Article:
- The Washington Times - Saturday, August 2, 2003


LONDON — Boris Berezovsky, 57, was “first among equals” in the group of Russian oligarchs who rose to wealth and power in the 1990s.

As a member of Russia’s Academy of Science — and a much-published scientific writer — he set up his LogoVAZ joint stock company in 1989, as soon as private business was legalized in Russia.

As his businesses developed into oil, aluminum and television, Mr. Berezovsky became Boris Yeltsin’s closest business adviser, and his ORT television channel, along with Vladimir Gusinsky’s NTV, helped propel Mr. Yeltsin to the presidency in 1996, defeating a communist comeback.

Mr. Berezovsky became deputy secretary of Russia’s Security Council and executive secretary of the Commonwealth of Independent States under Mr. Yeltsin.

In the maelstrom of Russia in the 1990s, Mr. Berezovsky seemed untouchable as both a businessman and politician. He survived a bomb in his car that blew off his chauffeur’s head, and managed briefly to unite the disparate group of tycoons — who came to be known as the oligarchs — as long as their interests and for those of democracy in Russia coincided.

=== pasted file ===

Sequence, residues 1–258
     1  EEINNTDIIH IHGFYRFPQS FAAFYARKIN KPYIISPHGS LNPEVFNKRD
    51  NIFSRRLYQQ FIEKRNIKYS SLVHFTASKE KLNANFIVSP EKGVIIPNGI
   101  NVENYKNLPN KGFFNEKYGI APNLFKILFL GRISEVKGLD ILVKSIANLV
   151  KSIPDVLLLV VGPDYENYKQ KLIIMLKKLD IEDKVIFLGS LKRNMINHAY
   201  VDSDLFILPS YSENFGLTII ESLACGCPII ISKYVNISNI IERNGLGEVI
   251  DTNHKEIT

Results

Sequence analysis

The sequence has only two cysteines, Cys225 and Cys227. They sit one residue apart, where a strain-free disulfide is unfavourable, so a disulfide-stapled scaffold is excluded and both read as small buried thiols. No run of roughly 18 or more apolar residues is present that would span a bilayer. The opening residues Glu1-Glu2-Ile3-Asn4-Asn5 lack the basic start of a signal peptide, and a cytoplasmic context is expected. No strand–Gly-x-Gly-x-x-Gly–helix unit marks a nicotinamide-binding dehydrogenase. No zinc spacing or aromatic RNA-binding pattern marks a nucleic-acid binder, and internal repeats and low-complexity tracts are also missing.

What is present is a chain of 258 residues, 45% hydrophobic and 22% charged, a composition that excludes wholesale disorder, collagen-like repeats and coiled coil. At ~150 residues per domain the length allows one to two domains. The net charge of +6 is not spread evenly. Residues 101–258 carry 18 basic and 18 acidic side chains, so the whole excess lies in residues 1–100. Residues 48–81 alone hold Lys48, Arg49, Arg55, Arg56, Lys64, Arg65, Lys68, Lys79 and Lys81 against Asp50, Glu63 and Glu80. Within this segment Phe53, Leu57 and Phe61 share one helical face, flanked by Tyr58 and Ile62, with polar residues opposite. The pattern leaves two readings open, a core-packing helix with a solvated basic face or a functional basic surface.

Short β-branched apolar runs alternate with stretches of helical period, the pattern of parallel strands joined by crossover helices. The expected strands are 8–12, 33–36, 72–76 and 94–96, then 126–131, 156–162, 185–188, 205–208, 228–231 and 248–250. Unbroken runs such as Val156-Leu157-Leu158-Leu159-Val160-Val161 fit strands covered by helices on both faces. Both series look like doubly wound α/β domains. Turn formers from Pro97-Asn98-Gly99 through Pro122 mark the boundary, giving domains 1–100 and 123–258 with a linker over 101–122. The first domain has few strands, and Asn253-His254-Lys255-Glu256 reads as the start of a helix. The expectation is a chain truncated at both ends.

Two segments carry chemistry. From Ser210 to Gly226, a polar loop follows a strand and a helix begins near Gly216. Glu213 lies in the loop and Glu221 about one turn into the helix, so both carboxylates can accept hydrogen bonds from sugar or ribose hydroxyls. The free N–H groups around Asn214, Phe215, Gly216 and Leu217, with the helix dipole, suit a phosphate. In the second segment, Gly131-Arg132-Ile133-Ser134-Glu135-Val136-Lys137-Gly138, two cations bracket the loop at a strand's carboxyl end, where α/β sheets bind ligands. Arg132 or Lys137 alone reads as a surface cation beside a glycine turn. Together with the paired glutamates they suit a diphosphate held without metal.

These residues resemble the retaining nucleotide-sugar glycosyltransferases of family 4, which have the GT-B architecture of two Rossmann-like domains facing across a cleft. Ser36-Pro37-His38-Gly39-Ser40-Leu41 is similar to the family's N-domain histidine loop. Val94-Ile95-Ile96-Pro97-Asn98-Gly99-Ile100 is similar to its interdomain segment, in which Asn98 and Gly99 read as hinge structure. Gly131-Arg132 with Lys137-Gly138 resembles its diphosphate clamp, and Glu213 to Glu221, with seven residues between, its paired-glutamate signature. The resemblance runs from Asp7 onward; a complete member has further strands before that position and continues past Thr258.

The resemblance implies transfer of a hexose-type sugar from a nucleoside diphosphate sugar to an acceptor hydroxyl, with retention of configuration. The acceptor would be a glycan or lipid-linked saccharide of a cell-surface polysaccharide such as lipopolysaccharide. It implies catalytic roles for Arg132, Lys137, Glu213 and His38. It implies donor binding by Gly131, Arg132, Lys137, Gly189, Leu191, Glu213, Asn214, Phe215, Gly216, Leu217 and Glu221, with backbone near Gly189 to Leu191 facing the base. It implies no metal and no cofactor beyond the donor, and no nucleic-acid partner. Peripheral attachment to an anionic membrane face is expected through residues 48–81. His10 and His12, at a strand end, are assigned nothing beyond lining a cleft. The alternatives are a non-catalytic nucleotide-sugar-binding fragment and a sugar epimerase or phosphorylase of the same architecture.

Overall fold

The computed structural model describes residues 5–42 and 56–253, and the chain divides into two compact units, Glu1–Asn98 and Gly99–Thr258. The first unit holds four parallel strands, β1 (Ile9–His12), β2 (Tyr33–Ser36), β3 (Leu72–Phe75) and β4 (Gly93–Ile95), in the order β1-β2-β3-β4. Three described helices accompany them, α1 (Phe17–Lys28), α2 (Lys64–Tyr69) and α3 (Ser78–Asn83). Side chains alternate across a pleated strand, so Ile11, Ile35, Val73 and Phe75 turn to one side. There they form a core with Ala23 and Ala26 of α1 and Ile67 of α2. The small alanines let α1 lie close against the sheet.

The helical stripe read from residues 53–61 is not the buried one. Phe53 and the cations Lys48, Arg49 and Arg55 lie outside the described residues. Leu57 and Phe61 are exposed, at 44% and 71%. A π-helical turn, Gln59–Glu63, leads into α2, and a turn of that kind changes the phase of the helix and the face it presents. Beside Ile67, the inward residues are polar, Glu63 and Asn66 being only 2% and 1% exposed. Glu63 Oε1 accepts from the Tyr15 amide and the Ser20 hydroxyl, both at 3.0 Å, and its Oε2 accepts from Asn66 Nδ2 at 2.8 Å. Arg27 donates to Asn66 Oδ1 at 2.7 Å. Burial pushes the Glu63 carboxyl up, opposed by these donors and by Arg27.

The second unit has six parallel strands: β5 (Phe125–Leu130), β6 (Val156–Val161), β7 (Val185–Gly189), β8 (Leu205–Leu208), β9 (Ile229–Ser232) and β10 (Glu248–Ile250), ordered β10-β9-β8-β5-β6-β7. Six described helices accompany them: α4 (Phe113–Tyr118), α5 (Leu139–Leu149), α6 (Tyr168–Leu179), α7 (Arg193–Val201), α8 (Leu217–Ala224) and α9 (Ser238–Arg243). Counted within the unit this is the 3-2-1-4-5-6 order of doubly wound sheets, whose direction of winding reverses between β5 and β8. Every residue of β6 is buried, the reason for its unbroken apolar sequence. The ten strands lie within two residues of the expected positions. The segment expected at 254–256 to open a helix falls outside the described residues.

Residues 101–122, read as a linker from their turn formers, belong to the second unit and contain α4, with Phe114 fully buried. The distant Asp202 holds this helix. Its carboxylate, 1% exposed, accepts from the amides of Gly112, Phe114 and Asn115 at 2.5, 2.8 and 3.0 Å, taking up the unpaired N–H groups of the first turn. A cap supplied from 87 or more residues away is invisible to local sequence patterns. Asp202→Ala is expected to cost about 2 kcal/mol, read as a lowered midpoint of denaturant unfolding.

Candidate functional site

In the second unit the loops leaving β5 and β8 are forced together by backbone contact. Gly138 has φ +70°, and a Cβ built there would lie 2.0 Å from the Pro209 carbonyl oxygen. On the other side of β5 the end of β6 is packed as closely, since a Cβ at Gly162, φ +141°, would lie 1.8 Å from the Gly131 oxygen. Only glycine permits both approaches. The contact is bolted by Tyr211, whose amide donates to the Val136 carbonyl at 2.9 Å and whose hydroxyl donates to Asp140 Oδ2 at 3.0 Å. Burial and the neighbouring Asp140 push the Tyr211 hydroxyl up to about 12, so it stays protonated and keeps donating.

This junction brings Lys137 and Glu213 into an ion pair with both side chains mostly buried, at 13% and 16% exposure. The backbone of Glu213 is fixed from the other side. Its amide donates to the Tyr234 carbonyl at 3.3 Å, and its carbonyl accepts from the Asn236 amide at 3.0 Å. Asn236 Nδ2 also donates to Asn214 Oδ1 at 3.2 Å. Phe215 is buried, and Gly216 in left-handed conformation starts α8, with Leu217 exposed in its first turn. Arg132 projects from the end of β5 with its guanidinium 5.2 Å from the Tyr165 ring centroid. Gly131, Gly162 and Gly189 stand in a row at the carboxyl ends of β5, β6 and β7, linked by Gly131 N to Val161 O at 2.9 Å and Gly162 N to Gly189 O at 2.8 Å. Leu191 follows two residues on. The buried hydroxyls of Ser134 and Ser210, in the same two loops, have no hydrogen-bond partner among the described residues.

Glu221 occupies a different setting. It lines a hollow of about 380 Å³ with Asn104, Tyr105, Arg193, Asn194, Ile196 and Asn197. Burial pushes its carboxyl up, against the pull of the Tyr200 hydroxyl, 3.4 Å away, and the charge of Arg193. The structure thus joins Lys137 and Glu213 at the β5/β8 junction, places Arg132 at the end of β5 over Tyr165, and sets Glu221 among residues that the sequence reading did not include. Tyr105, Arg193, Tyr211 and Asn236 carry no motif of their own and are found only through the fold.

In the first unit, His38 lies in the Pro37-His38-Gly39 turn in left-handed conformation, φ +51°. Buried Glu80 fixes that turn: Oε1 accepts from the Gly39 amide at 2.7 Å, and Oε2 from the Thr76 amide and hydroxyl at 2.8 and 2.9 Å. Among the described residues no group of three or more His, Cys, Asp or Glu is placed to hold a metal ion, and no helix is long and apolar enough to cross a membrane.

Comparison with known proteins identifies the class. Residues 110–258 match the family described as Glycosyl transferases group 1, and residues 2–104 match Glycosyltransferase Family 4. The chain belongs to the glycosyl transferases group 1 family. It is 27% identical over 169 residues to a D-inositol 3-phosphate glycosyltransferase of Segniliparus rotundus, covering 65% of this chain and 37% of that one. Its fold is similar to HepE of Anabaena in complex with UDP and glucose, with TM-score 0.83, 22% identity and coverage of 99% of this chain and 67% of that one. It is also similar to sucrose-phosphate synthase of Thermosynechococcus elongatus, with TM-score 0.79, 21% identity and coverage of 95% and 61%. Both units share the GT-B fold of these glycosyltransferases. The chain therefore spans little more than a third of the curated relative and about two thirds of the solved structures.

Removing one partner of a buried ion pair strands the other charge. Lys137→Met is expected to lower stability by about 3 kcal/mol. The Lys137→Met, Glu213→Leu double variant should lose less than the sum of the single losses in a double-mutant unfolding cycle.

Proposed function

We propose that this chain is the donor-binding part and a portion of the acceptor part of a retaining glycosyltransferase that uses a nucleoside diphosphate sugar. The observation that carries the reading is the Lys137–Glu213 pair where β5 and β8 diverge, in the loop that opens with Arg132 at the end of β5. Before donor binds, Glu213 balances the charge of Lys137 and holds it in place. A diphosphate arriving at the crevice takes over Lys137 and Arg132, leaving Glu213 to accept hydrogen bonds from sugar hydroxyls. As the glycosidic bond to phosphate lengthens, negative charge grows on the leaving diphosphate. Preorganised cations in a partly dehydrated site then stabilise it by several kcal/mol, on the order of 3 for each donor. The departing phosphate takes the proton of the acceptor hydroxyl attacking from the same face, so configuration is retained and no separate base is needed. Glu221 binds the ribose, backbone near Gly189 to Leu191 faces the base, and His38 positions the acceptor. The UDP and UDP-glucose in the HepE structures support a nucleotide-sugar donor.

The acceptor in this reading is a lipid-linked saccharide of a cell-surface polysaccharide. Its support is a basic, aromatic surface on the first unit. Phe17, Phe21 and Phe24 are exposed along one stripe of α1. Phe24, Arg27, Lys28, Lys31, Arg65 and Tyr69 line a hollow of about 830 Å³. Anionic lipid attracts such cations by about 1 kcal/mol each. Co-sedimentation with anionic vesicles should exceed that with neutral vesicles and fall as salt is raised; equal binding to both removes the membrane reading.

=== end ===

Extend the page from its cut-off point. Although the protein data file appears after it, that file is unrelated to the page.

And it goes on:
When President Vladimir Putin came to power, initially supported by Mr. Berezovsky, a new bureaucracy saw the opportunities they had missed in the 1990s, which men such as Mr. Berezovsky had seized. Mr. Putin promised not to reverse the controversial privatizations, but when the president began to reverse Mr. Yeltsin’s political reforms, Mr. Berezovsky resigned from the legislature in protest.

Mr. Putin demanded he hand over his television channel to the Kremlin. Within weeks, Mr. Berezovsky and Mr. Gusinsky went into exile from Russia, their businesses were seized and their associates were jailed or banished.

This year, Mr. Berezovsky was arrested in the United Kingdom following a request from Russian authorities for him to be extradited to face fraud charges. The Russian authorities charge that Mr. Berezovsky and a business associate used the LogoVAZ car company to defraud a regional government of nearly $2 billion.

Mr. Berezovsky is fighting extradition, his lawyers arguing that the charges are politically motivated and that Mr. Berezovsky has no chance of a fair trial under the current regime in Russia.

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